international law to deter the activities of vessels flying the flag of non-members or non-participants which engage in activities which undermine the effectiveness of conservation and management measures established by such organizations or arrangements.

Summarised evidence

The Alaska Pacific cod fisheries operate within the Alaska EEZ only.

The US and Russian Federation maintain the ICC fisheries forum (see section 1.2). The ICC is responsible for furthering the objectives of the Comprehensive Fisheries Agreement. The objectives of the Agreement include cooperation to address illegal fishing on the high seas of the North Pacific and the Bering Sea.

Conclusion: No evidence of significant change was reported or identified since the 3rd surveillance assessment. A high level of conformity continues. Supporting clause: 11.4 Flag States shall ensure that no fishing vessels entitled to fly their flag fish on the high seas or in waters under the jurisdiction of other States unless such vessels have been issued

with a Certificate of Registry and have been authorized to fish by the competent authorities.

96 http://touchngo.com/lglcntr/akstats/Statutes/Title16/Chapter05/Section690.htm 97 https://www.adfg.alaska.gov/static/license/fishing/pdfs/5aac39.pdf 98 https://www.afsc.noaa.gov/Quarterly/jas2010/jas10feature.pdf 99 https://www.afsc.noaa.gov/FMA/ 100 http://www.alaskaseafood.org/wp-content/uploads/2016/03/FAO_Based-RFM-AK-Pollock-Assessment-

and-Certification-Report-Public-Release_31st-Jan-2012.pdf 101 https://alaskafisheries.noaa.gov/fisheries/AFA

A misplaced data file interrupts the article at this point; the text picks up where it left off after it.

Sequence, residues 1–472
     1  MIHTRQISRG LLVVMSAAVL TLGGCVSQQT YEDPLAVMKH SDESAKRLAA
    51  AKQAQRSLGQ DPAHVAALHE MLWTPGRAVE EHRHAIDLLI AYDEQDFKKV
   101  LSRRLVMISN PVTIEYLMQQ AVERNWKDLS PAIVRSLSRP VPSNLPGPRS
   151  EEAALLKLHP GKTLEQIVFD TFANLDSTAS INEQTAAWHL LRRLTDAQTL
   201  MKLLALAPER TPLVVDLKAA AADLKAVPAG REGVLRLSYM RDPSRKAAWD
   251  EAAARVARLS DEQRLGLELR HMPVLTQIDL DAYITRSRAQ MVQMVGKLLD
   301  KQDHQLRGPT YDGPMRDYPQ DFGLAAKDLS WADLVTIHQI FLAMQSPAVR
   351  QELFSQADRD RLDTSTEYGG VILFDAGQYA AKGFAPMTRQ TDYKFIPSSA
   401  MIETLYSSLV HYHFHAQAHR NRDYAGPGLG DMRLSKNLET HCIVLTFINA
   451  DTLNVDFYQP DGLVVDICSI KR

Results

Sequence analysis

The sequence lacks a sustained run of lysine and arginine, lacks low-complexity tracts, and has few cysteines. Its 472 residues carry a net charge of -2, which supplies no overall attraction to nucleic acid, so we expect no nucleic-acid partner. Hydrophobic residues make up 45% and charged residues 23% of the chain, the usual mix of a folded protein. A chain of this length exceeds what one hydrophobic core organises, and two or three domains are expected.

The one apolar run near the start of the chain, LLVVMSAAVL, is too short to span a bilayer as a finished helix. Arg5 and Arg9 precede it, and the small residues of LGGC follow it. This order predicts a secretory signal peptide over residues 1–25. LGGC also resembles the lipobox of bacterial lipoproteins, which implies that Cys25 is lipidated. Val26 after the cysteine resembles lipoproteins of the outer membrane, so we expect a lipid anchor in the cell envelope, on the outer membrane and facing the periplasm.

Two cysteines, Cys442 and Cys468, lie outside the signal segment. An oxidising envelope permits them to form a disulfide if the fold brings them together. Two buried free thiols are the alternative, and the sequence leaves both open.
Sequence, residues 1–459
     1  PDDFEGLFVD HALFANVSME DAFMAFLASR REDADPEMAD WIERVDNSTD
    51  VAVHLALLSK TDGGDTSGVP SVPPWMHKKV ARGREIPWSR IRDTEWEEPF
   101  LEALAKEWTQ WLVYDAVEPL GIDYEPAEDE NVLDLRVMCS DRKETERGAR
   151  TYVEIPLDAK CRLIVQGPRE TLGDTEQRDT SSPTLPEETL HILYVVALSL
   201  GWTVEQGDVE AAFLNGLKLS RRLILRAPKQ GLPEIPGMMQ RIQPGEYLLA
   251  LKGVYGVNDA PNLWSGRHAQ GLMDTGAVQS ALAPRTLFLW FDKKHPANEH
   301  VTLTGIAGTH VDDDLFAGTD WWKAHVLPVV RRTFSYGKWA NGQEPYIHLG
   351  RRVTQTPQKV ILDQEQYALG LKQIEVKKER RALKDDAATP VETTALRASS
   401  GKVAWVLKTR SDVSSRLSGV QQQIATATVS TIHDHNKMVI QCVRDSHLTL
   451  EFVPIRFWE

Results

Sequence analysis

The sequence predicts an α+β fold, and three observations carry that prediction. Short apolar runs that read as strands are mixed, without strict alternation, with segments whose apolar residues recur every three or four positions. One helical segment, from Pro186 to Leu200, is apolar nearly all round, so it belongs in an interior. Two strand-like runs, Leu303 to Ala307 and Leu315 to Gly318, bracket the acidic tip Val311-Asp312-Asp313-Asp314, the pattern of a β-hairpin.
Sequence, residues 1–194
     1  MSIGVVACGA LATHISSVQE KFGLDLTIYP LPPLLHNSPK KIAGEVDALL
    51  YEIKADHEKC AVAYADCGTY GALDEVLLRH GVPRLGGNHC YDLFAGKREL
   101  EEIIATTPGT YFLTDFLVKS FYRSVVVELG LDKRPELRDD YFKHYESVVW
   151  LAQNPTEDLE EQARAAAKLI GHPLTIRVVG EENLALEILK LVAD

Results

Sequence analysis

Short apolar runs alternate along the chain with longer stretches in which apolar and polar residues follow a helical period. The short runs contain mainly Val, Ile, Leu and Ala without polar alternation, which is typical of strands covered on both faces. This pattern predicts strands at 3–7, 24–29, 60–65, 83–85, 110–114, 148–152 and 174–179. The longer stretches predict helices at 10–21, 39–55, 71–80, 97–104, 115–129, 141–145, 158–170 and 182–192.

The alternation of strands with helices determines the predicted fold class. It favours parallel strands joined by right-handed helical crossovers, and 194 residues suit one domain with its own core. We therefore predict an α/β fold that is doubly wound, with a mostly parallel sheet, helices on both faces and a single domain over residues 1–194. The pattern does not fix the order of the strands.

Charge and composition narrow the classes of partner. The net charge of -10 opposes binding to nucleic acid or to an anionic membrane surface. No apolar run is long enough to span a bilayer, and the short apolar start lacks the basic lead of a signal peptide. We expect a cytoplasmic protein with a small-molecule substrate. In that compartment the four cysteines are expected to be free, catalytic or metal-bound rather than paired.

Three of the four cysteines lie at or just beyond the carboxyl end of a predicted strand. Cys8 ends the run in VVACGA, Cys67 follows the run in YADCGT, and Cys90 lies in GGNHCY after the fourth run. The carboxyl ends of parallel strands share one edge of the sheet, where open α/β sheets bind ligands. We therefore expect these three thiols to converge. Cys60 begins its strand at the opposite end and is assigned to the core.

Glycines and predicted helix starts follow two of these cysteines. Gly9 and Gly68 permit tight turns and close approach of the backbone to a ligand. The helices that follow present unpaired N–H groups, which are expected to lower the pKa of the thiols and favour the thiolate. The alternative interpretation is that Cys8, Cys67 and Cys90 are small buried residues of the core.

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Such vessels shall carry on board the Certificate of Registry and their authorization to fish.

11.4.1 Fishing vessels authorized to fish on the high seas or in waters under the jurisdiction

of a State other than the flag State, shall be marked in accordance with uniform and internationally recognizable vessel marking systems such as the FAO Standard Specifications and Guidelines for Marking and Identification of Fishing Vessels.

Summarised evidence The American Fisheries Act (AFA) 1998102 ensures that vessel owners must demonstrate citizenship and relevant vessel registration documents.

Conclusion:

No evidence of significant change was reported or identified since the 3rd surveillance assessment. A high level of conformity continues.

Changes to Supporting-Clause Confidence Ratings.

No changes are apparent in the management of the GoA or BSAI fisheries that would detrimentally affect

performance against the confidence ratings for any supporting clauses.

Conformance: Full conformance continues.

Fundamental Clause 12.

There shall be a framework for sanctions for violations and illegal activities of adequate severity to